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Regional News of Thursday, 28 May 2015

Source: The Chronicle

T-Poly SRC battles management over breach of contract

The Governing Council of the Takoradi Polytechnic, last Friday, met the entire leadership of the Students Representative Council (SRC) to address a strongly-worded petition the students had sent to them.

The petition, which is addressed to the Chairman of the Governing Council, Mr. J. E. Ackah, and dated May 15, 2015, expressed worry over the failure of the management of the school to provide certain services to the students, for which they had been billed.

Information available to The Chronicle indicates that the Acting Rector of the school, Mr. Emanuel Okumi-Andoh, on behalf of the Governing Council, met the entire SRC body on Friday, but the meeting ended inconclusive.

The petition, which was signed by the SRC president, Mr. Richard Ziemah, said the SRC, prior to the commencement of the 2014/2015 year, sat with the management of the Polytechnic to negotiate with respect to the amount of school fees to be paid.

According to the petition, though all parties at the meeting were aware and concerned about the hard economic conditions, the arguments put forward by the management was that the various components of the school fees should be increased in order not to only accelerate development of the school, but also to ensure quality delivery of academic work.

To that end, the SRC agreed and paid the said school fees in addition to other services billed the students. However, the SRC says its finds it more disturbing that barely a month to the end of 2014/2015 academic year, certain services and infrastructure for which students were made to pay for have still not been provided.

The SRC added that it came to its knowledge about the non-provision of the services for which students had paid for, following persistent complaints received from them.

That, according to the petition, compelled the SRC office to cause what they termed a ‘fact finding mission’ at the various departments to ascertain the truthfulness’ or otherwise of the students complaints and agitations. “Our findings have unraveled a very revealing and worrying situation which doesn’t augur well for smooth academic work,” the petition said.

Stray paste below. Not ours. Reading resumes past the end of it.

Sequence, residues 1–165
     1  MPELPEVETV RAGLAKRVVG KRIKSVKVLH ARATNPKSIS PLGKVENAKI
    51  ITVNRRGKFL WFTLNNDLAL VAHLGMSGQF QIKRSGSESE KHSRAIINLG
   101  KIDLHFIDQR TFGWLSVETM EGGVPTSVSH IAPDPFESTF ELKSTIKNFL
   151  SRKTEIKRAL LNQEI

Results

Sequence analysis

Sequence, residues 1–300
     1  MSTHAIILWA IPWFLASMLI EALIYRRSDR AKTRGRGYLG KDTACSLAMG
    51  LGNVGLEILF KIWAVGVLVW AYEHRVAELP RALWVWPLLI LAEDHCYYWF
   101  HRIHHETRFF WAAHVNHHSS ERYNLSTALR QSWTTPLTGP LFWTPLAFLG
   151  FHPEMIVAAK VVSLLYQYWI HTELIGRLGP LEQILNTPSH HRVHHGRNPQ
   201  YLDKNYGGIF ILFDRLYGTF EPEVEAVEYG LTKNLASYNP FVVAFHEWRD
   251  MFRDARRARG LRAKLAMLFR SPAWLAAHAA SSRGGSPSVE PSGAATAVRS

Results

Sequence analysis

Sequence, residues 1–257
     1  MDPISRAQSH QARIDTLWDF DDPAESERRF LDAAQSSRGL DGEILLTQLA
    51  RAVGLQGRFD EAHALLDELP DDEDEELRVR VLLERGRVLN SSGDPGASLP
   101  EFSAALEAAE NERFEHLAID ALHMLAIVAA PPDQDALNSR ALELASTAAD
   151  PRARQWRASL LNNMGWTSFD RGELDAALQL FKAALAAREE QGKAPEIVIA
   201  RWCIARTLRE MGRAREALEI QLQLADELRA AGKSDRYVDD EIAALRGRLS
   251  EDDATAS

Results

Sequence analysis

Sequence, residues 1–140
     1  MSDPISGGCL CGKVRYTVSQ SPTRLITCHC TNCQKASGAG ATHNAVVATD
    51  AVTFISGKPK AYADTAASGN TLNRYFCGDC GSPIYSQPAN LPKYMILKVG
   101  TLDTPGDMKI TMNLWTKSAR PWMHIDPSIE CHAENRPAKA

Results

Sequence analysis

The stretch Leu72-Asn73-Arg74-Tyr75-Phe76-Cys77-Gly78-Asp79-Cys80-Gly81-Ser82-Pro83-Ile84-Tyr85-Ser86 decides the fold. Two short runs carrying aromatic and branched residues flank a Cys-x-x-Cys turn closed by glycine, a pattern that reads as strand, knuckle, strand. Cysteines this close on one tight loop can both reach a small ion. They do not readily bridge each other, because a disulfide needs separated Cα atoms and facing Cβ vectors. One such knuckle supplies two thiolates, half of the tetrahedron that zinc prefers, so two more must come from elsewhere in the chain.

According to the SRC, students were tasked to pay an amount ranging from GH¢85 to GH¢240 as contributions towards their day-to-day practical work for the 2014/2015 academic year. Unfortunately, most departments have not benefited from these contributions, even though the academic year was virtually coming to an end.

The petition went to name the departments as Graphics, Textiles, Civil Engineering, Building Technology, Electrical Engineering and Mechanical Engineering as those which had not received their practical materials since the beginning of the academic year to date.

The students, according to the petition, use their personal funds to purchase practical materials for their academic work. “This is a breach and an affront as agreed and negotiated for between the school management and the student body.”

The petition continued: “We, the executives of the SRC, wish to register our displeasure for the failure of management to keep to its side of the agreement to accelerate developments in the school for effective and efficient provision of academic tools and materials.”

With less than two months to the end of the academic year, and with very little, or nothing, to show for the huge fees paid for the academic year, “we are giving management [a] one week ultimatum to provide all the equipment and materials as agreed upon. We also want to state unequivocally that we can no longer allow ourselves to be discredited by the general student body to the extent that we have connived with management to short-change them,” the petition concluded.

Speaking in a telephone interview, the SRC President told this reporter that based on the petition, the Governing Council, led by the Acting Rector of the school, Mr. Emmanuel Okumi-Andoh, met the SRC team on Friday to apparently look into the petition.

SRC President Ziemah said the position of the SRC on the subject matter was that they (students) needed the refund of the monies each student had paid for the provision of the materials and services which the school had failed to supply.